And now I'm done for a bit. I can feel myself slowing down. I can feel myself looking at things: the strawberry bed, the river. I feel like I'm becoming a person again, a being with *awareness* rather than merely an automaton doing all the things I'm supposed to do. Both partners keep talking about how happy I seem up here, even just this week. I suspect I haven't even begun to dip into the community here and how happy it makes me, and beyond that there's my life waiting, and how happy *that* makes me. And I may, soon, even be a person who's being happy, instead of a fleeting sensation on my way to doing the next thing.

I took time to email my mom.

I am lazily contemplating dinner.

I could wash my bedsheets or tidy up.

I could search the internet for more potential dogs or goats.

Or I could write, here, because I have the luxury of knowing what's going on in my life well enough to write about it. So here I am.

It's very good.

That's what this post is about.
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I'm alive. I can't even tell you. Here I am. I'm finally shedding my winter skin. I'm becoming human, I'm alive, there's a beating flashing core to my soul, the world pulls me into it, I can love things, I can want things, I'm alive. I'm remembering how to feel the kind of joy that I swear is visible in an aura around me, pouring out of my skin. I'm remembering who I am. This is who I am. I had almost forgotten there.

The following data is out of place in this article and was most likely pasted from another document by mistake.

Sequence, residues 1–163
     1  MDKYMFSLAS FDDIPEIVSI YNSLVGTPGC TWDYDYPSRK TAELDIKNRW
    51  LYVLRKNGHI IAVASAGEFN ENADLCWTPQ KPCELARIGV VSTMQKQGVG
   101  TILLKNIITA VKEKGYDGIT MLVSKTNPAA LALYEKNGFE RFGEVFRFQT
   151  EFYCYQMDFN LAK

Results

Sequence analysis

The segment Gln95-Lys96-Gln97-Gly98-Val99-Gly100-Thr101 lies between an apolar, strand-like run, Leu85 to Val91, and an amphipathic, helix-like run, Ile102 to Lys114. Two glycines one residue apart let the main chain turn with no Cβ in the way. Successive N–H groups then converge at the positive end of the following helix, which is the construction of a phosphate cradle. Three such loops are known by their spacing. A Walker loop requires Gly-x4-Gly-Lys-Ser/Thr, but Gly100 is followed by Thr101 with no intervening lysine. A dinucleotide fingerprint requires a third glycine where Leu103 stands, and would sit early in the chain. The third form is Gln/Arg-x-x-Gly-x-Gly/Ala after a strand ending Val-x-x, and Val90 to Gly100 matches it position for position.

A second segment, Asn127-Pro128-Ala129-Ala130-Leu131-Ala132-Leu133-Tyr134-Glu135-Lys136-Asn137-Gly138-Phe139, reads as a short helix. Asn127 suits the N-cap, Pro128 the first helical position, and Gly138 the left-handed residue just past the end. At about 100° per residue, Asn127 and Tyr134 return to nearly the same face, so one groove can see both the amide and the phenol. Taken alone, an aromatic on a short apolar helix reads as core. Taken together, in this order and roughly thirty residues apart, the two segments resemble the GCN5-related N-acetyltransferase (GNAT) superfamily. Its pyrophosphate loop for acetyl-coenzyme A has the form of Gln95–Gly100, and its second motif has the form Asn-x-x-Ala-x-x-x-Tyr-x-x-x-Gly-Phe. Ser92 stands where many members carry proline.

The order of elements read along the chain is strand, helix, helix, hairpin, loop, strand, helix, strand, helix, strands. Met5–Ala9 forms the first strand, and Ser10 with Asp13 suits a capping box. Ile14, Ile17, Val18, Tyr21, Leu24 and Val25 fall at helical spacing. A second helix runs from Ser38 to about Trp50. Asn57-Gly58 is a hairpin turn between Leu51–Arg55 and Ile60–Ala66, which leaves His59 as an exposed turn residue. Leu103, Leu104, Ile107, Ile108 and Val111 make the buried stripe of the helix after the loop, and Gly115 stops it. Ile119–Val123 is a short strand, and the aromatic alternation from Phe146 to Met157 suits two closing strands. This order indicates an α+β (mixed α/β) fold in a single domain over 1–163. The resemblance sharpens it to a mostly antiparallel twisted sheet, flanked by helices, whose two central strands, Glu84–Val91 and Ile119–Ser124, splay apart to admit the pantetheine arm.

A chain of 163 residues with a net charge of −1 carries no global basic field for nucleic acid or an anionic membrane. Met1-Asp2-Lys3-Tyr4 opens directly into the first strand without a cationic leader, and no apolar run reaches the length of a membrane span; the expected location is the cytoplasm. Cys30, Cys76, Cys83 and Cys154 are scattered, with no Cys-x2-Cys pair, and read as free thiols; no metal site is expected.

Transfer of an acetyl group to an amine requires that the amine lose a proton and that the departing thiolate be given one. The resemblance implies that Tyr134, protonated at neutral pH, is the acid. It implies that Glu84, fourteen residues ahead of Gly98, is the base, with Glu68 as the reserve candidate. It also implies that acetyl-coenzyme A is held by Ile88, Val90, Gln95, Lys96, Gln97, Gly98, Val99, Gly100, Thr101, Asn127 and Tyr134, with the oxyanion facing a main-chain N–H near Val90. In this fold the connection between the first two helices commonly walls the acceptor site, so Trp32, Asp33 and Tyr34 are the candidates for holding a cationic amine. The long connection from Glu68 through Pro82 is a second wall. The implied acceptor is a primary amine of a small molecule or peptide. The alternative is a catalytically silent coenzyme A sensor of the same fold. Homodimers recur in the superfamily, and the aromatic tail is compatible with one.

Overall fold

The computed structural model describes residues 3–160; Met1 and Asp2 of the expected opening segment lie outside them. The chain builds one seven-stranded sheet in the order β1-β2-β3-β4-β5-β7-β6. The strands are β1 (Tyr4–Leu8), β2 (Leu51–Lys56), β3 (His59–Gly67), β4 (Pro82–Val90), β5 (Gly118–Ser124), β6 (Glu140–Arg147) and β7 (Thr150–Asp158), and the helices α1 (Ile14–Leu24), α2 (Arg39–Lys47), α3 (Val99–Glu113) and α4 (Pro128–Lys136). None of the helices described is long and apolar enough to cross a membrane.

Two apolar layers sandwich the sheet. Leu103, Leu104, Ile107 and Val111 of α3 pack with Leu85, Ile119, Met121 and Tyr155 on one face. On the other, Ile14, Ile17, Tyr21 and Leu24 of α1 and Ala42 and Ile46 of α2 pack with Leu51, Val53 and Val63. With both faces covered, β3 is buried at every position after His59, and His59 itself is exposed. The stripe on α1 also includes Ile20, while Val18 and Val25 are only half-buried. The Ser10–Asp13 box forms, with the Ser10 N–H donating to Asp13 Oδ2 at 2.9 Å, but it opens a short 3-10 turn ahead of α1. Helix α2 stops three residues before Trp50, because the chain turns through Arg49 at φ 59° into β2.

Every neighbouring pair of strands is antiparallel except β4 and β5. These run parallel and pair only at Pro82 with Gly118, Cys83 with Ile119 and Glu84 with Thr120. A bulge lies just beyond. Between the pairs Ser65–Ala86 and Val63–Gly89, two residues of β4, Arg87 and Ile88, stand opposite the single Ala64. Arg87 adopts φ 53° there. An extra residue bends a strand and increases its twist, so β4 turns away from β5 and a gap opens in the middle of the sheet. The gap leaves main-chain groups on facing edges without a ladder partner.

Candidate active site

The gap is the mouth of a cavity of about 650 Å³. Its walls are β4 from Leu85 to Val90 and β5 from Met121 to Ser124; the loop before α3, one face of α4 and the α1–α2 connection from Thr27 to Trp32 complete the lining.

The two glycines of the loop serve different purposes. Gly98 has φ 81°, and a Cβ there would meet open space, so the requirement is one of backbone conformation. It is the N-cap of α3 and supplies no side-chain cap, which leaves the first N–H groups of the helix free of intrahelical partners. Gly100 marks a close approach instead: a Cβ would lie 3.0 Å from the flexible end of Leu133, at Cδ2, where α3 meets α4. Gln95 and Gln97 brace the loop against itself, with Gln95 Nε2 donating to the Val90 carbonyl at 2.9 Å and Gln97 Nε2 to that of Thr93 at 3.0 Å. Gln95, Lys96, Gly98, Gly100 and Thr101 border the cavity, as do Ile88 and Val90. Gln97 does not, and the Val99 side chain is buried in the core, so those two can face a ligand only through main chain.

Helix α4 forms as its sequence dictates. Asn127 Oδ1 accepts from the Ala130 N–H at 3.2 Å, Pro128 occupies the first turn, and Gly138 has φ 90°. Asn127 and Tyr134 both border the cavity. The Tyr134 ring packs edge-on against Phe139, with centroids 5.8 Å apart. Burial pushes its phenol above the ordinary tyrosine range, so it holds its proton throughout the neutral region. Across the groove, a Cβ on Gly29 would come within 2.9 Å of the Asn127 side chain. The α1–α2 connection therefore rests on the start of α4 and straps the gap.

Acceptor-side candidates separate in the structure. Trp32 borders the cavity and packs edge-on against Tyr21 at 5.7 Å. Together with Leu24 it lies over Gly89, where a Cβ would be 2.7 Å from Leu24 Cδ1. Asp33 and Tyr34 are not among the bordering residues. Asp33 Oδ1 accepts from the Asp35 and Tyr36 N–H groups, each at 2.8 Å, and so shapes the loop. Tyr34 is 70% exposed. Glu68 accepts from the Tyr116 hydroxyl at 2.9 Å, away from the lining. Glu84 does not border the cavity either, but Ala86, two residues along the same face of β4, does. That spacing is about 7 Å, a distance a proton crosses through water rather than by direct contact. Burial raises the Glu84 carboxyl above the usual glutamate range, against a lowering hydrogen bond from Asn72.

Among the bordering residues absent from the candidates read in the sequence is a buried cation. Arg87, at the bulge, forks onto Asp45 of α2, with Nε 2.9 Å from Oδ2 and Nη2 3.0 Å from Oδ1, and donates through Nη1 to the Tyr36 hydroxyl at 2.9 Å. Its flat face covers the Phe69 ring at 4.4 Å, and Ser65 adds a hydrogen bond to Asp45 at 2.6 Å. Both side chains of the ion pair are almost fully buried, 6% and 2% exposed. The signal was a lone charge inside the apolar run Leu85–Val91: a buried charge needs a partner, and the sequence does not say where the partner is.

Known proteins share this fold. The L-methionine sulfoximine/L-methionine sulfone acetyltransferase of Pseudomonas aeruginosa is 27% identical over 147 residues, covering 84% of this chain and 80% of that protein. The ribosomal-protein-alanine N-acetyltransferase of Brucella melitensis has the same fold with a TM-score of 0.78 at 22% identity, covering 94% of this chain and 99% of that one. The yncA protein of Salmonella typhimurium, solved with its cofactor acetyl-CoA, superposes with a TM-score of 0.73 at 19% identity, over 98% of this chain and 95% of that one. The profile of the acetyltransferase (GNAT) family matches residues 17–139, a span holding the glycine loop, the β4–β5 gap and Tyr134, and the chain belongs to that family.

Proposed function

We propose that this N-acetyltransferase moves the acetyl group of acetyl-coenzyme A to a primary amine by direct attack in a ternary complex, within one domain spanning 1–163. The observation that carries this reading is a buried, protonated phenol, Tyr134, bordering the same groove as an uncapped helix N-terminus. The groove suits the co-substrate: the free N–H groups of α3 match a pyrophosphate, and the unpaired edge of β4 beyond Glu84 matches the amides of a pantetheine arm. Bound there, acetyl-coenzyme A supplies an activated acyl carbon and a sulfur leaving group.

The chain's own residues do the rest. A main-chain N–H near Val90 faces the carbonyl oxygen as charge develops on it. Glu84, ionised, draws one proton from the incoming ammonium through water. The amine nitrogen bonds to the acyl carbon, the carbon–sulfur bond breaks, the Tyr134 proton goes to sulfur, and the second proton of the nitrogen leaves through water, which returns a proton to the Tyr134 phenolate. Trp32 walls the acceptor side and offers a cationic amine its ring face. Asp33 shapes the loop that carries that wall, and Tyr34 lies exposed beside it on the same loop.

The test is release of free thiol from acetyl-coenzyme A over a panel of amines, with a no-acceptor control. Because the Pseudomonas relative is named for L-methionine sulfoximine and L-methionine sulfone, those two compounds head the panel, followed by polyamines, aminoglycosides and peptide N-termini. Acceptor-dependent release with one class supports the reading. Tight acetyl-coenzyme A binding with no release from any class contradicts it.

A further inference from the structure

It's been a bad four months. School is bad. It's autodepression, flick the switch on with the first contact in the semester and then off again when it finishes. What does this to me? Sitting all day? Accepting someone else's absolute authority? Having no freedom to plan my time? Anyways, school is done for four months, and basically with my last exam I came alive, I came awake, I felt like I turned on a light and unfamiliar nothingness suddenly gave way to my very favourite room. I am my very favourite room. I love living here. So many years making myself, that partnership where all the bits of me shape each other until they fit, and it's for nothing when I'm in school, but it is Very Good in just living.

I was in a car accident that I could well have not walked away from in February. My car rolled; Taoshi was lost. I could have died there, and I would have died unhappy and not-me, but I didn't die. Thank goodness, thank every blessed thing, that I still have the chance to die properly, as myself, at some future date.